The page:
New Thought-Controlled Implant Requires No Brain Surgery

Brain-computer-interface systems are all the buzz these days. Whether we’re talking about wearable interfaces like EEG Technology’s Unicorn Hybrid Black or more permanent fixtures like Elon Musk’s Neuralink. These devices are intended to help humans interact hands-free with the latest technology, often to their physical betterment. For example, Musk has major plans for Neuralink, like restoring sight to the blind and “full body functionality” to those with spinal cord injuries.

The new CEO of Twitter has even pledged to get chipped once the bugs are ironed out of the device. Whether this happens remains to be seen. But one thing’s for sure, putting the Neuralink chip in his head will prove invasive. We’re talking open-brain surgery.

But a recent announcement may change the future of thought-control technology. Researchers have successfully installed control devices via the jugular veins of four patients, and the results look promising. Here’s everything you need to know about the innovation and what it could mean for people with paralysis.

Hope for Incurable Conditions

Amyotrophic lateral sclerosis (ALS) is a neurodegenerative disease that attacks the nerve cells of the spinal cord and brain. It has no cure and leads to the progressive degeneration of motor neurons. With these neurons lost, the body becomes increasingly unable to control muscle movements. Over time, ALS (also known as Lou Gehrig’s Disease) leads to the inability to eat, speak, move, or breathe.

Stephen Hawking

Late physicist Dr. Stephen Hawking had ALS. Image credit: NASA/Paul Alers

Fortunately, scientists are now pursuing a promising new line of research that could assist patients living with ALS. Known as Stentrode, the device allows people with paralysis to control assistive technologies through their thoughts alone. Four men have already undergone implantation with the device.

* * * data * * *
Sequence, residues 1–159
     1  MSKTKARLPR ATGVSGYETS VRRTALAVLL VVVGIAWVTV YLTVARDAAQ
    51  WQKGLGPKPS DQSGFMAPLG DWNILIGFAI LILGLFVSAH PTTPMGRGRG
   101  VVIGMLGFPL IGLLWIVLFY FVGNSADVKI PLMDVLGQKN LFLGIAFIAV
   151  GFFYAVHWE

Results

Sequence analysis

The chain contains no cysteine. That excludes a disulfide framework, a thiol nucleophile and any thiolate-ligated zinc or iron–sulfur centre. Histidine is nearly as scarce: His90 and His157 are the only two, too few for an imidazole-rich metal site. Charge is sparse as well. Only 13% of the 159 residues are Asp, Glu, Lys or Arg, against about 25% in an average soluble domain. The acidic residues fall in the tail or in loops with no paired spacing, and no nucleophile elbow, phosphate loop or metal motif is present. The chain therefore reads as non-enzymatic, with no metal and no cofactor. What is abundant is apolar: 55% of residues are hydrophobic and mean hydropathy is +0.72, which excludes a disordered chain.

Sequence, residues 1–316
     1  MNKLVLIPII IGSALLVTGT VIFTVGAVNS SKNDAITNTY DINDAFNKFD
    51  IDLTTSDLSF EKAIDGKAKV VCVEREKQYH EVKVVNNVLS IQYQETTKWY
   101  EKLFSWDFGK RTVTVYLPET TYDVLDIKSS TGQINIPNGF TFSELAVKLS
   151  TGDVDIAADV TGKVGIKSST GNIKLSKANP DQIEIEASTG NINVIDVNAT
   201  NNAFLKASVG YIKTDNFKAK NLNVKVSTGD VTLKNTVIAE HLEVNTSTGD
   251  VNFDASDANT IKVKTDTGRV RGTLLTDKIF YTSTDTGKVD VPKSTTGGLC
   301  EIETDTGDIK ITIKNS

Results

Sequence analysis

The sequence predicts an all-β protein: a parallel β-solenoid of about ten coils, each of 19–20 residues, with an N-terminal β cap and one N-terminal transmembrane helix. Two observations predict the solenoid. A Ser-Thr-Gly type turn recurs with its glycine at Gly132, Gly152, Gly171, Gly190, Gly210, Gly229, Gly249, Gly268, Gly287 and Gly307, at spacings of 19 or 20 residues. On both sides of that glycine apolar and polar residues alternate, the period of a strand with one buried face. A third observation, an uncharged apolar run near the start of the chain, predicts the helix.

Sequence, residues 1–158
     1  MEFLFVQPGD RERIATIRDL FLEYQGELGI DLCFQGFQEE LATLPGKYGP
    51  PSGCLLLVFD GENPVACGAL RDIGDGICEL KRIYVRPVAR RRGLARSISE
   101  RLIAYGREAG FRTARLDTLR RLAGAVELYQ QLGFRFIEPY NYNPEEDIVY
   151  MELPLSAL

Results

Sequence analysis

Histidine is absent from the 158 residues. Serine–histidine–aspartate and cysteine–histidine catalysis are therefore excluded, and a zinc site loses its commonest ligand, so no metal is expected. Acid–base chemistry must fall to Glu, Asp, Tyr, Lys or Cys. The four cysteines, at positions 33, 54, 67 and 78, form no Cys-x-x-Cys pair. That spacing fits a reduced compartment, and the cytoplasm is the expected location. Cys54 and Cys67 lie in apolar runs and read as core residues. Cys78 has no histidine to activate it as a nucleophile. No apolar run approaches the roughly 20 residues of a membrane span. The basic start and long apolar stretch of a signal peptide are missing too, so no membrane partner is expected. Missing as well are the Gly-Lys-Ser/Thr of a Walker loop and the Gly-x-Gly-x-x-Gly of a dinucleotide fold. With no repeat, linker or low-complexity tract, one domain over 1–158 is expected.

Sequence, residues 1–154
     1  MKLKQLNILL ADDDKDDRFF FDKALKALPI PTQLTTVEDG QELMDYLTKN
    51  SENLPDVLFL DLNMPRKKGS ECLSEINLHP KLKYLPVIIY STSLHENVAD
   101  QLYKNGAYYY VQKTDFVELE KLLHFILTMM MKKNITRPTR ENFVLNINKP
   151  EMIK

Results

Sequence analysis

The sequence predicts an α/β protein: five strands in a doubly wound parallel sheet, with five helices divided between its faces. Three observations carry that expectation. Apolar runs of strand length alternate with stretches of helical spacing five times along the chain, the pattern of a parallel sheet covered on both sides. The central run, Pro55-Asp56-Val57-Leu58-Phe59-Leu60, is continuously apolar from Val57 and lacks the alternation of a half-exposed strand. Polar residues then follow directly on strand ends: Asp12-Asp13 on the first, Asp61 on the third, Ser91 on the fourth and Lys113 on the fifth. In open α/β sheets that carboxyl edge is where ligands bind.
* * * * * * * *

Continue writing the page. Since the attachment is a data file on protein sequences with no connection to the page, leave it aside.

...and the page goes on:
What do we know about these patients? All have significant upper-limb paralysis and impairment in speech and lung function due to ALS. Despite the experimental nature of the procedure, the patients came through surgery with flying colors and have successfully controlled computers with their minds.

The Future of Thought-Control Technology

How did implantation work? The participants had Stentrode implanted in a large vein known as the superior sagittal sinus, which aids with fluid drainage from the brain into the jugular. Because the vein lies next to the motor cortex, it’s the ideal location for the device to read neural signals.

Stent illustration

Stentrode resembles a standard stent used for improving blood circulation, as in the above illustration, and is implanted in much the same way.

Stentrode has the appearance of a net-like structure and houses 16 electrodes. Physicians use a catheter to feed the device, via the jugular, into the superior sagittal sinus. Once in the right location, they expand the mesh to sit flush along the sinus wall. A wire runs from the electrodes down to an electronic device located in the chest. This device transmits and records brain signals sending them to a computer.

It doesn’t require cracking noggins, and so far no long-term side effects have been reported. (Physicians have focused on issues such as blood vessel blockage, blood clots, and device migration.) What’s the takeaway from all of this? For starters, Musk might want to think twice before letting anyone saw into his skull!

By Engrid Barnett, contributor for


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